The Maiden, and the Mob Below

  1. Chapter 6: The Owl and the Snake
  2. Men Not Afraid
  3. Chapter 8: The Spoils of War
The first to spot the enemy wins!

Sam’s sword clashed against the Spanish captain’s cutlass. No more of her crew boarded, as the Sleeping Dragon now veered away from the Athena’s Horn.

“Ramera!” cried the captain in anger. “La mujer rencoroso del diablo!”

Neither his wit nor his sword were any match for the Captain of the Athena’s Horn. Sam twisted her sword, and the Spaniard’s weapon flew into the air and over the side of the ship.

“Señor, vuestra gentileza está rivalizar con vuestra esgrima.”

Her sword moved to his throat.


His crew was already either shot or at the sword. Those who didn’t lie naked and unconscious or dead, fought half-heartedly, naked, demoralized. He trembled, and lowered his eyes to the woman.

“Sí… señorita.”

He ordered his men to surrender. Sam sheathed her sword.

“All right, take them into the hold and tie them up.”

After leaving the Sleeping Dragon, the Horn, under Daltrey’s command, sailed down to the sea battle below. Captain Harding and the Liberty’s Maiden had held their reputation below. Of the nine ships with which we last saw them contending against, six remained, the other three having fell beneath the combined fire of the Maiden and the Spanish ship commandeered by the crew from the John Paul Jones, or having been lured into the fire of the batteries on the shore.

At the moment that the Athena’s Horn joined the battle, the crew of the Jones were once again bailing out—their new ship was now also sinking. The Jones crew were not familiar with the workings of the Spanish ship. And of course, their captain was neither of the caliber of the captain of the Horn, nor of the Maiden. To their credit, the crew did their best to save the sleeping Spaniards—kept dreaming by Laura’s magic—for death under the sea while asleep was an unquiet death. Sailors the world over feared waking beneath the waves. Better to die in battle than to die unknowing.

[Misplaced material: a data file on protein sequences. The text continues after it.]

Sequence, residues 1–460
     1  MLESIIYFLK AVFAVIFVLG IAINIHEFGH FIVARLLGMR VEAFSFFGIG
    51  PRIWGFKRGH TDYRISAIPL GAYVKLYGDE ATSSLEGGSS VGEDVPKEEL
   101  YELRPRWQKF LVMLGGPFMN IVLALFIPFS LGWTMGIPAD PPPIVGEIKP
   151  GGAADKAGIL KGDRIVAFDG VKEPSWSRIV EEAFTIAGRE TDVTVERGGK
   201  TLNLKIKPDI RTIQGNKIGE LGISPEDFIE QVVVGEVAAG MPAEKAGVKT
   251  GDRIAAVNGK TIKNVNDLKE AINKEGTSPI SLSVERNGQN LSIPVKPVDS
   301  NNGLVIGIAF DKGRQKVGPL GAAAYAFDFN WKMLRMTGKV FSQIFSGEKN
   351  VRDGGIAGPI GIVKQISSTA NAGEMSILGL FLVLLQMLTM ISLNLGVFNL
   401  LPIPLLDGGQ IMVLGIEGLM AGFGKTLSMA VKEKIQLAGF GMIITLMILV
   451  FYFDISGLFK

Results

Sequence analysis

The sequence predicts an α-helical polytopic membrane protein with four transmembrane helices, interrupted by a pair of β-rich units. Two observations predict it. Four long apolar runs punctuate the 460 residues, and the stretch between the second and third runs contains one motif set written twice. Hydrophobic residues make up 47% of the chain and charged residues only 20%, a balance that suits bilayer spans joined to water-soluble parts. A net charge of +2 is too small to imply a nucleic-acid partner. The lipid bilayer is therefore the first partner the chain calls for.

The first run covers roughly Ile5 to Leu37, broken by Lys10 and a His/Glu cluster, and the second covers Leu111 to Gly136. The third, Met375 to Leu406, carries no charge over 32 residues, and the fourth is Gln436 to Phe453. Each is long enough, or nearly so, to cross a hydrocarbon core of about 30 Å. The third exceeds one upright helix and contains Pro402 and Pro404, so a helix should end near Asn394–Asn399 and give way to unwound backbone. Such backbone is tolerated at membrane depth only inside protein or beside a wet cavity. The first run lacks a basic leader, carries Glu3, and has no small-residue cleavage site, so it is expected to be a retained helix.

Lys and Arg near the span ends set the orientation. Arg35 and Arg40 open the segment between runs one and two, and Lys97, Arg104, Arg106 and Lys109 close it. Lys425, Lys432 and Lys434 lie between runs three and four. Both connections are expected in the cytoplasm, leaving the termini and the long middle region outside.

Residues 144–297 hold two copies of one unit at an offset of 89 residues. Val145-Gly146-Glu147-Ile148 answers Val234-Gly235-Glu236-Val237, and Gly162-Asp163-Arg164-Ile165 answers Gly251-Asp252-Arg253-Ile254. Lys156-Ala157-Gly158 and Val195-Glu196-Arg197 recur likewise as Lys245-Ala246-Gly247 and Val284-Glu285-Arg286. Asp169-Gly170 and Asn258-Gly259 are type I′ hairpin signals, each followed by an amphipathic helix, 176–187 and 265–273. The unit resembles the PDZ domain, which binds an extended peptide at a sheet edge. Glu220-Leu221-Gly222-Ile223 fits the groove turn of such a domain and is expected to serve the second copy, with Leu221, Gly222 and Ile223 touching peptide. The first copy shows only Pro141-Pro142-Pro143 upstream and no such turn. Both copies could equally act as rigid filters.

Daltrey surveyed all of this, and sailed above the battle. Three ships crowded around the Maiden, which could not hold out much longer. The other three enemy ships awaited their own opportunity, trying to avoid the battery from the shore, and the man in the crows’ nest cried that some cannon from those ships were swiveling upwards towards the Horn.

“Into the Spanish ships around the Maiden,” Daltrey said into the hornpipe, and the Athena’s Horn dipped even closer to the sea.

It is dangerous to ignore a flying ship, as the enemy attacking the Maiden discovered to their doom. Not having to worry about the cannon of ships ignoring it, the Horn swooped down and into the sails of the Spanish ships. Mastpoles cracked, and rigging fell to the deck and into the sea. Three ships stood dead in the water as the Liberty’s Maiden sailed lithely away. But rather than sailing into port to recoup, as would have been his due, Captain Harding sailed his ship to the attack again; now, the Liberty’s Maiden—limping, perhaps, but armed and ready—joined the Athena’s Horn. The odds were now two against three, and one of the two was a flying ship.

One white flag went up slowly; two others went up quickly as they realized their compatriots were surrendering. The first battle of the Spanish-American War was over.

  1. Chapter 6: The Owl and the Snake
  2. Men Not Afraid
  3. Chapter 8: The Spoils of War